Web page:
By the 19th century, courts required confidentiality be confined to specifically identified information to be enforceable and commercially adequate. Standard categories emerged in clauses covering technical, business and product details. However, where categories were exhaustive, information risked exclusion. Marking information "confidential" helped but risks remained regarding orally disclosed information. Exclusions developed for public domain information, but approaches were ad hoc.
As commercial dealings lengthened, confidentiality periods grew more complex. Exclusions accommodated employee mobility, pre-existing knowledge, and mandatory disclosures. But approaches were inconsistent, raising disputes over status and undue restraint. Methods developed for necessary circulation under obligations but determining independence was challenging.
By the early 20th century, balancing comprehensive protection and practical limits was still developing. Drafting confidentiality required anticipating future disputes, but outcomes depended on context. Certain standard exclusions and permitted disclosures emerged, but treatment was negotiated. Defining information as "confidential" could signal value to competitors.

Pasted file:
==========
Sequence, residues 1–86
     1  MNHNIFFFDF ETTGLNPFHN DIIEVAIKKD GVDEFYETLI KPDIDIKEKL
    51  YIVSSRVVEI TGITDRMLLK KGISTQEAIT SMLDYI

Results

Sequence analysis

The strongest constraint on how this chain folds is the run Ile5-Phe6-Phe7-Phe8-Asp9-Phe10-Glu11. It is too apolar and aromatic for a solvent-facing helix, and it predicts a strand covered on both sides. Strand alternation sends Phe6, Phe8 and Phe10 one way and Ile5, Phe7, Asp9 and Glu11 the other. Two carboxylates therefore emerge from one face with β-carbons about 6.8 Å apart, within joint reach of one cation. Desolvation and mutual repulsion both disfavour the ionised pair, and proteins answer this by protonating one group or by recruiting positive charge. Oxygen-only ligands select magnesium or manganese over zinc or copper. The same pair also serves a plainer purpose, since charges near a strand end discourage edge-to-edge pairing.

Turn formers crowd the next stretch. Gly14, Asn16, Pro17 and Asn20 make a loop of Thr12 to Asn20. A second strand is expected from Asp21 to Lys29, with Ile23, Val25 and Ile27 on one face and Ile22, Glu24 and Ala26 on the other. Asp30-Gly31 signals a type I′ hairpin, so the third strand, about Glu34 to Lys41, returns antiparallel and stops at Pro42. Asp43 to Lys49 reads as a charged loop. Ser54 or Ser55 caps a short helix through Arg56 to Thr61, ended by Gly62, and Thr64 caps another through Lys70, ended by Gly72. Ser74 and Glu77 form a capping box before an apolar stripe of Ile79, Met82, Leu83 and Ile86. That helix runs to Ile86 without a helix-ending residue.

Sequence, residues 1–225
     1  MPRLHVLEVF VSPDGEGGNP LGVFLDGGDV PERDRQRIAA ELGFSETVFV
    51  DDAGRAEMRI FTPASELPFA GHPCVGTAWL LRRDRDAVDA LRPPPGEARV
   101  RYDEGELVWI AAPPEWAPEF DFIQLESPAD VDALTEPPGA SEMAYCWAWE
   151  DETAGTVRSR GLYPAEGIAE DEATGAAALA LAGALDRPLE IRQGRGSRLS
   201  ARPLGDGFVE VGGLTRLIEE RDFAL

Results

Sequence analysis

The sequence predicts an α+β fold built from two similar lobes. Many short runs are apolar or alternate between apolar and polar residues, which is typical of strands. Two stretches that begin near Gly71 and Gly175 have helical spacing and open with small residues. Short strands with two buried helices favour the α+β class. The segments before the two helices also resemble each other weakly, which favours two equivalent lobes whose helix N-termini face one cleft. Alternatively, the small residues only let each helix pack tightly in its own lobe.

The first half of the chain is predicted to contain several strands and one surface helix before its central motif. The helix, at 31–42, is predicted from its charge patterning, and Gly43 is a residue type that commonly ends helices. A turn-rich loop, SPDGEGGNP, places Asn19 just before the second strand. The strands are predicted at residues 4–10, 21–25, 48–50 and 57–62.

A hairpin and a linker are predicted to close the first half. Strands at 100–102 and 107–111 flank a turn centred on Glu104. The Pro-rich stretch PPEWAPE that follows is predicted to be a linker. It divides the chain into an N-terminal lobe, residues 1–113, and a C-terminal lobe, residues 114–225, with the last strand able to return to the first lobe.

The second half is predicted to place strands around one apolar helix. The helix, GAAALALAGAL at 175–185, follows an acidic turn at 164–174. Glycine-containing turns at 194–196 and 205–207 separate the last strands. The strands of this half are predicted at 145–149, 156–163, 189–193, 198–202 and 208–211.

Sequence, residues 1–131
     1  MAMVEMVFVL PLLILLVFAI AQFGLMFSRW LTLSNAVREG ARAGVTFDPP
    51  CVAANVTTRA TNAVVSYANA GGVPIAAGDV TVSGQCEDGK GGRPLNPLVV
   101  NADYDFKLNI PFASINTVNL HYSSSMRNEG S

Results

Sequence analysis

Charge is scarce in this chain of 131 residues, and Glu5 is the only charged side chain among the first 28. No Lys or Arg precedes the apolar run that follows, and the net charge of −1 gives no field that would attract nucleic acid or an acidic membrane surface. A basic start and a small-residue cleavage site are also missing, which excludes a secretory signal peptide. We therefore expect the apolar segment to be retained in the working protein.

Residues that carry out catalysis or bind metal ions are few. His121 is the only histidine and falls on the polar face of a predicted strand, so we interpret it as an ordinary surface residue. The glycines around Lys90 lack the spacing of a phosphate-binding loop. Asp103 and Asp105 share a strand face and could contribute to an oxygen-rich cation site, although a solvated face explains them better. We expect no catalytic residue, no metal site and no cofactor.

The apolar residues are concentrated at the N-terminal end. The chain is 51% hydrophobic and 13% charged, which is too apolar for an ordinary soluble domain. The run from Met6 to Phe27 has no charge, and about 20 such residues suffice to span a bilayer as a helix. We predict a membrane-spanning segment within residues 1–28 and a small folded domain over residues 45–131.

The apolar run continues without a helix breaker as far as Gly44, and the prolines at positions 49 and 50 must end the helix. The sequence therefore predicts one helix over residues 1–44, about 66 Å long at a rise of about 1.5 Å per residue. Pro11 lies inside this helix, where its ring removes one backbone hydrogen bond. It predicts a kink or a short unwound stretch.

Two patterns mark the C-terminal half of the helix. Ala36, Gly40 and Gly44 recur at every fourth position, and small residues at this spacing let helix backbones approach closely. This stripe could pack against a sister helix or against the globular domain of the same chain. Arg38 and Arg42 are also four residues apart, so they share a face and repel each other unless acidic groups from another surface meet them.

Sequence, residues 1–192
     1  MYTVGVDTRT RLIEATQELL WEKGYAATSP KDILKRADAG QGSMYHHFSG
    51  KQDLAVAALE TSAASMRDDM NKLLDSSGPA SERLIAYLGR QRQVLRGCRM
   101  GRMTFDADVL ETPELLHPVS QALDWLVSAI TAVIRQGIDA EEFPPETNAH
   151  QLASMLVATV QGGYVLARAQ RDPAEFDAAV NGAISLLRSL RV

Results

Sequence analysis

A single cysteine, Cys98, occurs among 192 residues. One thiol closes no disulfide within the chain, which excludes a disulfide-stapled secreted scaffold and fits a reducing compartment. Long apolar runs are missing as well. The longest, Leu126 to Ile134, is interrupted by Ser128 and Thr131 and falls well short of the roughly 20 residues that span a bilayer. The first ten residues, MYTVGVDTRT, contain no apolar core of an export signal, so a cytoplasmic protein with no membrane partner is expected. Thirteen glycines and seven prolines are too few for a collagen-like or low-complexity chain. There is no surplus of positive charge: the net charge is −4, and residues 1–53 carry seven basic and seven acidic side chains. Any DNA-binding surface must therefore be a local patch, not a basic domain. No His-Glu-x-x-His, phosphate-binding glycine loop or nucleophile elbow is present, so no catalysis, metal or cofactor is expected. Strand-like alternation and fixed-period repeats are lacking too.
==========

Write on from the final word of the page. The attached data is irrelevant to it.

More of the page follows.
Today, sophisticated confidentiality provisions are common but challenges continue. Digitization and global trade increase potential for unrestrained circulation and disputes over status. Definitions aim for inclusiveness but require judgment around foreseeable issues. There are no formulas to address every situation
Mechanisms have emerged for clarifying sensitive information and responsibility for handling it, allowing necessary use while limiting uncontrolled spread. But complexity persists. Tensions surround determining scope, accommodating laws and relationships, evidencing delivery virtually, and preventing inconsistencies in defined terms, exclusions, and categories across jurisdictions.
In summary, the trend is toward tailored management of increasingly complex information flows. Certain principles guide determination of what and how to protect, but perfect solutions remain elusive. Definitions aim for comprehensiveness but require adaptation to context. Exclusions balance protection against restraint but risks continue where unanticipated.